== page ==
I use the side of my file cabinet to display a magnetized version of our class schedule and a wipe-off chart with our objectives on it. We are required to have daily objectives for each subject posted in the classroom. Because I only have a few bulletin boards (and they’re all too tiny to accommodate the whole class’ work), I use closet and bathroom doors to display student assignments.
Over here I store the materials kids use when they work independently around the room. In addition to the study carrel where they can sit, there are small clipboards, large art clipboards that two kids can both fit their papers onto, and a table top with no legs. The kids can lay on the floor and write, which is not only more comfortable for some of them, but has been shown to have a positive effect on handwriting development in children who struggle with that area. There are also TV trays the kids can move around. The large organizer in the center of this picture is something I actually spent some money on! A large chunk of my self-imposed $100 budget for the year was spent on this $29.95 organizer from Big Lots. (I have also seen them at Target.) The top shelves have math centers and the bottom ones have manipulatives. When the kids go to centers, I tell them which color bins they can choose from that day.
I finally made a Star of the Week board! Each week a child sends fills out a form about themselves and brings in photos and a favorite book. Their items are displayed here on the Welcome bulletin board by the classroom entrance. By the way, the folders you see here are the Friday folders the kids’ papers come home in. The container the folders are kept in was FREE from Wal-Mart (a box holding back-to-school supplies!).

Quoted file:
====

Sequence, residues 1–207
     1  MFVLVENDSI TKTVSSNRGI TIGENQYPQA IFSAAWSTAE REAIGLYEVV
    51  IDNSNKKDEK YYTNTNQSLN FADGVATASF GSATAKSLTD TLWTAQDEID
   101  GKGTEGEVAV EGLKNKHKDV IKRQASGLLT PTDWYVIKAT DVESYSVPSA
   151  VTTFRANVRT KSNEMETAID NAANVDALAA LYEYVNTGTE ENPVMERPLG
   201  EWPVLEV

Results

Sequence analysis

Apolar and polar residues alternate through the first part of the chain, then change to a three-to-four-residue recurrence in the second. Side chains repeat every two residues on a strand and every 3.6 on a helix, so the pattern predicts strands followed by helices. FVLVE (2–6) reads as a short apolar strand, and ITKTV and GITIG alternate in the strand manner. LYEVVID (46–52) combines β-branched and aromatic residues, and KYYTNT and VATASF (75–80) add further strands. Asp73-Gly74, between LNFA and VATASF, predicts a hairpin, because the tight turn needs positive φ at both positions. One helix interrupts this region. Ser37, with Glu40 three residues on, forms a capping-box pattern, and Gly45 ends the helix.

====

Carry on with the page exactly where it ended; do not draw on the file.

I put the TV cart in the corner by the window this year (to the right in this photo) and can’t figure out why I never did it that way before. I use all the space below the T.V. to keep my junk: the VCR shelf holds a lamp, educational videos and fun videos we watch for A/B reward (similar to Fun Friday), and the flowered index card box I keep game ideas in. The bottom shelf holds a container with my stickers, magnets, Velcro, and artsy-craftsy stuff, along with the children’s portfolio files. I also keep some of my filing down there. I have three file folders for each subject: class work, homework, and tests. Whenever the kids turn in papers (using the baskets on the little desk), a class helper removes them from the basket and files them into the appropriate file folder for me to grade. At night I take home the folders with papers in them so I can grade them. This is also handy during assemblies, staff meetings, etc. (oops, did I say staff meetings?), when I can just grab a few folders to grade during down time. This photo shows a ‘bulletin board’ I made on my chalkboard to display papers for my reference. You can also see the sample page header and the ‘independent work’ sign that lets the kids know when they can use the bathroom (see the Routines page for more info).